Sustainable Habitat Construction

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Prefabricated and affordable 2 bedroom house, CPIT, $160,000


Prefabricated and affordable 2 bedroom house, CPIT, $160,000

Less glass, ceiling-height doorways and smart lighting - engineers and builders join forces to make better use of conventional building techniques. Affordability is key, the home is even designed to be built room-by-room, as funding permits.

Location: Christchurch, New Zealand
Members: 3

Vision for More Sustainable Housing

Team Canterbury (CPIT, University of Canterbury and Lincoln University) developed its concept entry based on four key requirements:

  • To maximise energy and water efficiency within the parameter of low-cost housing criteria.
  • To minimise waste product during construction by careful consideration to design.
  • To create a building using materials and elements of design that allow for deconstruction and recycling.
  • To enable the house to be transportable.

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Fact Box

  • Team Canterbury is building a new, low-cost, more sustainable house using timber framing and carefully considered conventional building techniques
  • Number of Bedrooms: 2
  • Number of Students: 55
  • Number of Professionals and Volunteers: 14
  • Estimated Cost:
  • Energy: Extra thick walls and insulation mean low energy requirements. Sun capturing north facing windows, Efficient heating heat pump.
  • Water: Low-flow appliances
  • Materials:
  • Waste: Construction waste minimised
  • Indoor Environmental Quality:
  • Affordable and Suitable for Purpose: The house has been designed so that it could be built in sections, as money is available.
  • Supporting a Sustainable Community: the house is transportable, and can be moved.
  • Selling for under $180,000


CPIT’s Dennis Winter developed the housing plans based on building specifications provided by Canterbury University Engineering students. CPIT’s Interior Décor and Interior Design students have provided sustainable furnishing concepts from paint and colour schemes through to wall and floor coverings; and the Trades Innovation Institute staff and students are involved in the build.

Key Elements

Power: Grid tied system with provision for night rate meter and renewable alternatives such as solar PV should they become economically or environmentally sensible. Use the power from the grid if available as it will be the most cost effective option unless a $20,000+ grid connection fee becomes eminent. Hot Water Heating: An active solar evacuated tube system coupled to an on demand electric booster will be specified. Ensure that the $1000 government solar energy grant is attained by having the solar system installed for less than $5800. The design has a central living/kitchen/dining area with modular bedrooms off either side for effective heat flow into bedrooms from the passive solar and heat pump or small pellet fire.

Lighting: Compact fluorescent lights to be used throughout the entire home. Sensors for outdoor lights will minimise excess lighting while providing safety and security. Maximise use of natural lighting for living areas. No heat-leaking, low throw ceiling recessed spot lights!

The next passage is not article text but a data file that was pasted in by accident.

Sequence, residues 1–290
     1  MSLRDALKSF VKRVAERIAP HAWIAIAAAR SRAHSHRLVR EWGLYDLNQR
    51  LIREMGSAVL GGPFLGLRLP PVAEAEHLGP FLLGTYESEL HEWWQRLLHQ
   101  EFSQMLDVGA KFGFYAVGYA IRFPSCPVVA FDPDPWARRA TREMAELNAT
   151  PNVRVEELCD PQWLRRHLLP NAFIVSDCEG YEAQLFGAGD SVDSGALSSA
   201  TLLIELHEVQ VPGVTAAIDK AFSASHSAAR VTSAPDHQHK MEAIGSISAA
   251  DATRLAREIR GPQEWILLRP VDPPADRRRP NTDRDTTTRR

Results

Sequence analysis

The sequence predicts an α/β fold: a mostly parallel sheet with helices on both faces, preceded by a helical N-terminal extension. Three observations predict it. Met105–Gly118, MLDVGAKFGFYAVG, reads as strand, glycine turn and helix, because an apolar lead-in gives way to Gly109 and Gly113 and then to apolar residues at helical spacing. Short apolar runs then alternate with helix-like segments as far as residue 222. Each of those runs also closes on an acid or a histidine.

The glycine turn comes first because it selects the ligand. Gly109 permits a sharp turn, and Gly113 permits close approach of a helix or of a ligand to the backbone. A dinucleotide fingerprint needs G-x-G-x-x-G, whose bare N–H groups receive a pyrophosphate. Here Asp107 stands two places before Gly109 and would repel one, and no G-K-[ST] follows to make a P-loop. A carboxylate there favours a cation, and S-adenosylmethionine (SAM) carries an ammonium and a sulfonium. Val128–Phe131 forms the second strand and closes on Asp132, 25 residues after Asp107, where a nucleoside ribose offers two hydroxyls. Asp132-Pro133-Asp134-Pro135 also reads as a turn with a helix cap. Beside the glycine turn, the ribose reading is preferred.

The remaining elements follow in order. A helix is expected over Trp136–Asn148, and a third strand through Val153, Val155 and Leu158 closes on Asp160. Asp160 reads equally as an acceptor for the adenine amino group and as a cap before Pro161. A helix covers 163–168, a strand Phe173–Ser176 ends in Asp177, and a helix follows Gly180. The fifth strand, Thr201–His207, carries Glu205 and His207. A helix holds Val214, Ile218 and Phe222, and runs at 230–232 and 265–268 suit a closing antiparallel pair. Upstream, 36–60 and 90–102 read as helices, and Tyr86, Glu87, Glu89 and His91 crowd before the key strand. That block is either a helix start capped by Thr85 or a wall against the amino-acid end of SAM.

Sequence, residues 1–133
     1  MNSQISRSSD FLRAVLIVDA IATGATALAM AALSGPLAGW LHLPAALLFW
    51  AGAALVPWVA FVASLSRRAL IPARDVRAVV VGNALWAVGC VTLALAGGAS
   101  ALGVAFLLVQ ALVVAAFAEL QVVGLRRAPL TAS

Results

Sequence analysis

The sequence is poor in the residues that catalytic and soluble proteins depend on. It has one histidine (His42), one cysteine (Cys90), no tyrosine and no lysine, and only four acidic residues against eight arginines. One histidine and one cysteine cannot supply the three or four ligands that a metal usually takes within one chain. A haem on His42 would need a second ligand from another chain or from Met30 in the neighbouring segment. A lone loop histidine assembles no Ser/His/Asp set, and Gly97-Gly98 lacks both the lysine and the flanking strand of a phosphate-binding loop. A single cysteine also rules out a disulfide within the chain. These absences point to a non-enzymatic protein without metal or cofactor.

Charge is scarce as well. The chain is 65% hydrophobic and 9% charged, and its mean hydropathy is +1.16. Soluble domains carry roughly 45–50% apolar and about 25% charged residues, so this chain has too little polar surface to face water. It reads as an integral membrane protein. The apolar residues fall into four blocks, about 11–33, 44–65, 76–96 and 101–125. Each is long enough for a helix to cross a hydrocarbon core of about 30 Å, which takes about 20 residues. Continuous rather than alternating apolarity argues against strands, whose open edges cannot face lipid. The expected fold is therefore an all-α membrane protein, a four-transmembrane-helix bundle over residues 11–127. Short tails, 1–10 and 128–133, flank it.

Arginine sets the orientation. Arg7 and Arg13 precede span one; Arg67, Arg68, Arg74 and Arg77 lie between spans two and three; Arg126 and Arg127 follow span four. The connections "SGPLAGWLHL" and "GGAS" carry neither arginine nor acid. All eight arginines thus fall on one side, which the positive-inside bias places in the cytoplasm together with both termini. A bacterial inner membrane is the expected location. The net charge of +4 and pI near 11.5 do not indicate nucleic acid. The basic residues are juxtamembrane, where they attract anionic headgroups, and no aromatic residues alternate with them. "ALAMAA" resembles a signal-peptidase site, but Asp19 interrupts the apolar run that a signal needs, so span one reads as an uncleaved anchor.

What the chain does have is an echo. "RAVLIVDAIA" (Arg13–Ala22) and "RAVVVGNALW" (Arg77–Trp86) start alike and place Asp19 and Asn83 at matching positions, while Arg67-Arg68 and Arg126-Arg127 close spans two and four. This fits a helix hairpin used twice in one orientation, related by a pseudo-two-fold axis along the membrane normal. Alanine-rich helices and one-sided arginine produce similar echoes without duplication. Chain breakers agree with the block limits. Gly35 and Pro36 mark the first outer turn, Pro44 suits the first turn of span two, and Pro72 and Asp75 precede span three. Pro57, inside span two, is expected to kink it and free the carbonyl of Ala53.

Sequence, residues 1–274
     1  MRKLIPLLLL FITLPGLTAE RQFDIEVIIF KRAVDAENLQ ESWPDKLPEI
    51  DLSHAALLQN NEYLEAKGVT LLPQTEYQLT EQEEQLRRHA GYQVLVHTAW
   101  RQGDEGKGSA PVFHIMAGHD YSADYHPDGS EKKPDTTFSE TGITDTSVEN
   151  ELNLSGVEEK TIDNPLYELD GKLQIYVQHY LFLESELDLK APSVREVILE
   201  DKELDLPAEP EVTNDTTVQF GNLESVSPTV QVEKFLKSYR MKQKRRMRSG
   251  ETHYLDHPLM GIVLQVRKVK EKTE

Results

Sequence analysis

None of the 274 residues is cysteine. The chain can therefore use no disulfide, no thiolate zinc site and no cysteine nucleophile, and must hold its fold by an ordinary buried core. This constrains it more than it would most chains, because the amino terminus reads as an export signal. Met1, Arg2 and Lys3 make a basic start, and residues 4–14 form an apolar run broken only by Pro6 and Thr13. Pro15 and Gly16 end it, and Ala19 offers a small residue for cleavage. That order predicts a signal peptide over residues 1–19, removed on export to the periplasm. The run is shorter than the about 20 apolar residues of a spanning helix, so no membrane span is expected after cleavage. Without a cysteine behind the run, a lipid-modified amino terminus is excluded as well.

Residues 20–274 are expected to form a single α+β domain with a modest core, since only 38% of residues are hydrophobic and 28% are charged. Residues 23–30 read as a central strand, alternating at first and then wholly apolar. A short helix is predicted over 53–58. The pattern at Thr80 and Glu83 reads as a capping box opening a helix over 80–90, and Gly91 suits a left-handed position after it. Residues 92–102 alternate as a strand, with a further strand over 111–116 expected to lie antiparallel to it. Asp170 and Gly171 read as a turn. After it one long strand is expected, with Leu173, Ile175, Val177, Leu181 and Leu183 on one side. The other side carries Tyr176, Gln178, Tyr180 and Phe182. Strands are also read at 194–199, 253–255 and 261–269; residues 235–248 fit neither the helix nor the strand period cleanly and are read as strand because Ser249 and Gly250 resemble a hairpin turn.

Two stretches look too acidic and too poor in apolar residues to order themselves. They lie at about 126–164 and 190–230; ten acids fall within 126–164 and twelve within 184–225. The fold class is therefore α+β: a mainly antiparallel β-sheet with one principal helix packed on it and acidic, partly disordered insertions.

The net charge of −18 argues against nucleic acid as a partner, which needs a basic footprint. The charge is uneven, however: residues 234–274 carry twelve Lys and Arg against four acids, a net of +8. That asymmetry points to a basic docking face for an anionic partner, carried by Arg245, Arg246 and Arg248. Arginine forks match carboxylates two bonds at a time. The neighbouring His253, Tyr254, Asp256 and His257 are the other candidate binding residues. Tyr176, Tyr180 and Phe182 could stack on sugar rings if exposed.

Appliances: Energy star rated appliances are highly preferred with the highest star rating products purchased for the most cost effective price. All appliances will be sized according to the household requirements. A power meter unit will be installed to provide energy use information to the occupants as a type of feedback loop to help establish less wasteful behaviours.

Water: The main goals for this category is reducing mains water demand to 90 litres per person per day and reducing storm water runoff. State of the art high–velocity shower head and aerated sink faucets are specified. Hands-free kitchen fixture and a timer device in the shower will manage wasteful behaviour.

Waste: The goals for our waste category are to reduce waste during construction and implementing sediment and erosion control during construction and operation.

Materials: The house will have a 150mm thick wall, with R3.6 insulation. The roof will have R5 insulation and the floor R1.3. The living area floor will be tiled to add thermal mass. This also reduces the amount of dust and allergenic substances in the house that reside in carpet. Two materials that are hard to dispose of are Pink Batts and treated timber. It is requested that during construction, the tradesmen take extra care when installing Batts, to make for a thermally tight house, and also to make it easier to remove the batts and reuse them at the end of the buildings life.

Land Use: A preliminary site lay-out has been proposed with no pavement, 70% of garden dedicated to foodproducing species and raised-bed structures. Purpose-built concrete compost bins installed behind the home as is the rain-water collection tank.


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* SHAC-TeamCanterbury-FinalReport-HIRES.pdf (13MB)
* SHAC-TeamCanterbury-Interiors-Appendices.pdf (5 MB)
* SHAC-TeamCanterbury-ConsentDocumentation.pdf

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